Your swipes tell all – no-one knows you like your Tinder does.
Tinder. It's innocuous enough. You shallowly filter through hordes of potential mates. Whether said mate is defined as ‘friend’ or ‘fun’ is immaterial – you still perform the same continuous scroll function used on Facebook. Go fast, go faster and only pause for a split-second if something catches your eye. But this is for the old hands.
When you first signed on, you took the time to open each profile, carefully analyse each of the pictures posted and read through the written bio before answering Hamlet’s modern day depression – to swipe right or not to swipe right, that is the question. You were kind and thoughtful. You gave them the benefit of the doubt. But after a while, things begin to change. The more time you spend Tindering, the less time you spend giving a shit about the anonymous person who doesn’t have any clue you exist yet. And so we swipe, gathering speed as we gather matches we’ll never message.
After opening countless profiles, matching and chatting – maybe even going that step further and meeting in real life – you realise that Tinder isn’t about being nice or polite.
This is my time – and in today’s world we’re all so boastfully busy – and I don’t want to waste it cringing through an hour of grating small talk, drinking more than I should and trying to find an exit strategy. I want to know that, at the very least, I won’t be wasting my time. There will be interesting banter, there will be eye candy, and there will be intelligence. They will look like their pictures and if they don’t, they better be able to hold my attention in other ways.
Yes, if I meet someone in real life I will listen intently and engage in witty banter, because if you meet someone in real life – be it a bar, work, the promenade or standing in line at Pick n Pay – you’ve already checked them out, deemed them worthy of further inquiry and swiped right in your mind. When someone chats to me at a bar and there’s nothing there, the awkwardness dissipates quickly and you leave neither worse for wear and with everyone’s dignity intact. That’s the magic of real life: all the subconscious cues, body language and tone of voice. It’s how we’re meant to meet.
But in this day and age, we’d rather find suitors whilst sitting on the loo, instead of actually brushing our hair and changing out of PJs. And so we swipe. We gaze through the meat market, our eyes moving quickly over the goods until they settle on what we deem the most prized cut. We’re not always sure what that is. It often looks different to what it looked like yesterday. It might be taller, darker, hairier, curvier, better-dressed, completely dishevelled or more distant and dreamy than ever before. Our preferences differ depending on mood, depending on sobriety, who we last spoke to and who last broke our hearts or pissed us off. And so it is with Tinder, too. Or at least that’s what we think.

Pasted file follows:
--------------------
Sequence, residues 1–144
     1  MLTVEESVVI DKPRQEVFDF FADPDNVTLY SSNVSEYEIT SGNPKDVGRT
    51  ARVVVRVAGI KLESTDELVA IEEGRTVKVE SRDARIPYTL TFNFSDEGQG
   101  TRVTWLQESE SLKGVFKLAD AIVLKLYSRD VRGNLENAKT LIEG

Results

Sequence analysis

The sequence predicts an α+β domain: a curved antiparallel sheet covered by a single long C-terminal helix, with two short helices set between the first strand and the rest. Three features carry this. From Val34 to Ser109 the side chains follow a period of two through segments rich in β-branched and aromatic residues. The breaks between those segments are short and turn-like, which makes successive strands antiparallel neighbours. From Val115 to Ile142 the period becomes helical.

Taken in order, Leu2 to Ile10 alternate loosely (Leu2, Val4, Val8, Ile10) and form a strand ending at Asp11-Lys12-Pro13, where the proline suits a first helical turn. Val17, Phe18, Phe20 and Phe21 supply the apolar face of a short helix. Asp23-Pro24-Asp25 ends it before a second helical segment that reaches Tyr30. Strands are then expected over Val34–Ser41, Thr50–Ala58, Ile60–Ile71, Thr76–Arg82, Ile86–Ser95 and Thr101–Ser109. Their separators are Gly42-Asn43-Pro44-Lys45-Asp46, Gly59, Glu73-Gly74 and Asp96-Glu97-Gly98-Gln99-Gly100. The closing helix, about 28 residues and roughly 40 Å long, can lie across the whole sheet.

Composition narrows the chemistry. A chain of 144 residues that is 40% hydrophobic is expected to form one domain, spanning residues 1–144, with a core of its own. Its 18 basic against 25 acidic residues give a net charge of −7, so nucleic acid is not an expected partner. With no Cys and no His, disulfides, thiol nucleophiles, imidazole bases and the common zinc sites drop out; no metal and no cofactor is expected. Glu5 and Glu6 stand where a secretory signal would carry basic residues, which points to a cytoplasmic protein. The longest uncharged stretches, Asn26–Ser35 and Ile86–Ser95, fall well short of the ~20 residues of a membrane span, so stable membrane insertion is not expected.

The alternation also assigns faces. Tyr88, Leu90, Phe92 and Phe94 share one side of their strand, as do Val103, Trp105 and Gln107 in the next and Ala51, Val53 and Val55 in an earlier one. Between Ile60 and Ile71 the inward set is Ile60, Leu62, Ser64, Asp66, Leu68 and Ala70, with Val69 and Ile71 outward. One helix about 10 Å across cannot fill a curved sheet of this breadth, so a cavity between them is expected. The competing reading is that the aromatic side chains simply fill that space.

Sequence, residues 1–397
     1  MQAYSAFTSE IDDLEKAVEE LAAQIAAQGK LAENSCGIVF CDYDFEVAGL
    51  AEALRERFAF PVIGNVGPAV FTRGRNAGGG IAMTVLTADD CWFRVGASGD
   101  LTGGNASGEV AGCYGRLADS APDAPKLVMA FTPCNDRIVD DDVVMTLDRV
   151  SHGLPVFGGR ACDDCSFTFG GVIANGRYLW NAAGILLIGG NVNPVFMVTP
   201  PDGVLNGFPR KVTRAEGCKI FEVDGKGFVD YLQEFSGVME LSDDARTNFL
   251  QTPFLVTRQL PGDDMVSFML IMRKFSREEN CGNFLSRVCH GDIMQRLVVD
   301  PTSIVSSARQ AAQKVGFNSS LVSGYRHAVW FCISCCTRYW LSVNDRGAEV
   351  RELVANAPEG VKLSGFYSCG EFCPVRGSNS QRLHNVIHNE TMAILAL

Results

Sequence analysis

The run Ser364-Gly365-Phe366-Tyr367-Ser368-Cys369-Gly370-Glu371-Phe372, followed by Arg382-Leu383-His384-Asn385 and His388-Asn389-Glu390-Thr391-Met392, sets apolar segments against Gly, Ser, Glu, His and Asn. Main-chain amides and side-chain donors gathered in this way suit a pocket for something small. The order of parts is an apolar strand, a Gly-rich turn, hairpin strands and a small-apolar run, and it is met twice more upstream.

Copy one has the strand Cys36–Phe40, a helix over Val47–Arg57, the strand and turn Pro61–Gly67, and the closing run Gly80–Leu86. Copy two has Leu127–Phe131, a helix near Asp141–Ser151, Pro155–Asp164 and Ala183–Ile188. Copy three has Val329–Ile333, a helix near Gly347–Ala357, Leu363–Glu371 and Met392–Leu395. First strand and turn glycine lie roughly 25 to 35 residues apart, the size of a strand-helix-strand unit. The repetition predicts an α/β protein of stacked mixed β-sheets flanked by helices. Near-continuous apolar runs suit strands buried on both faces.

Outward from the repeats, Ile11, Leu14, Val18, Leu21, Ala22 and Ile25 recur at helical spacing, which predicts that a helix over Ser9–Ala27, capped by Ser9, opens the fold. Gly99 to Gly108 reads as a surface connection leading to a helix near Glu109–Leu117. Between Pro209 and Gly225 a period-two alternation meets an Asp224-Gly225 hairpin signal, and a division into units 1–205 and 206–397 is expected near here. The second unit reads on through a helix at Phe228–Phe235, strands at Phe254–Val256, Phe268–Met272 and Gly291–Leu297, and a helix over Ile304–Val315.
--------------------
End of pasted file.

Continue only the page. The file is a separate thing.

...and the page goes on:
But we hardly bother to open a profile anymore. Photo, age, mutual friends and current work or education – a tiny thumbnail, that’s what we look at. 4 milliseconds to decide if they are worthy. And with this speed and perfunctory glance, your true personal politics and preferences emerge. Depro-drunk at home on a Saturday night, our standards might drop but our prejudices fly free.
We were once eternal students and debated getting our PhDs (like that was ever going to happen), but now the only people proliferating our chats have mildly interesting-sounding corporate jobs or have an MBA under their name. None of this ‘CEO of Self’ crap.
We’re feminists, pay our own way and can make the first move, but we’re also lazy and underinvested: we can’t even be bothered with a ‘hi’ when our screen goes dark and Tinder sticks a ‘SEND MESSAGE’ button in our face. F*** you, Tinder, we don’t even know why we swiped right.
We say we despise mirror selfies, but there are plenty we’ve swiped right on. We say we’re open to everyone but our matches are about as interesting as a blank page. We ‘defs got no type’ but our stream looks like a creepy catalogue of the Barbie doll collection you amassed in the 90’s - before they introduced their diversity range for millennial pre-tweens. The kind where everyone looks identical, bar a slightly altered tan, eye or hair colour. We know it’s all the same damn doll.
We hate the shameless half-naked torsos and yes, generally we do skip straight past them, but what about those four 6-packs sitting in our matches stream? Same for duckface, dress-up and fancy cars. We’ll happily go for someone outside the norm, so long as they are a traveller from a foreign land and will be gone in a week.
As much as we hate to admit it, we’re not quite as progressive as we seem. Our age range might be 22 (for the old souls) to 45 (Salt-N-Pepa was only ever bad as a name for a hip-hop trio, you tell yourself) but the only people you’ve ever right-swiped were within a 4-year stretch. Similarity is important – and god knows I don’t want to be the embarrassingly drunk uncle at a rando’s 21st.
So, if you want to know what intrigues you, see who you swipe right on.
If you want to know what turns you on, see who you chat to.
If you want to know where your prejudices lie, just look at who you’ve actually agreed to meet, and then with how many escape routes possible.
Let’s be honest, your personal politics were established as a pre-teen – cultural, societal and familial influence abounds – and your taste in mate hasn’t changed much since then.
But acknowledgement of the problem is the first step to recovery.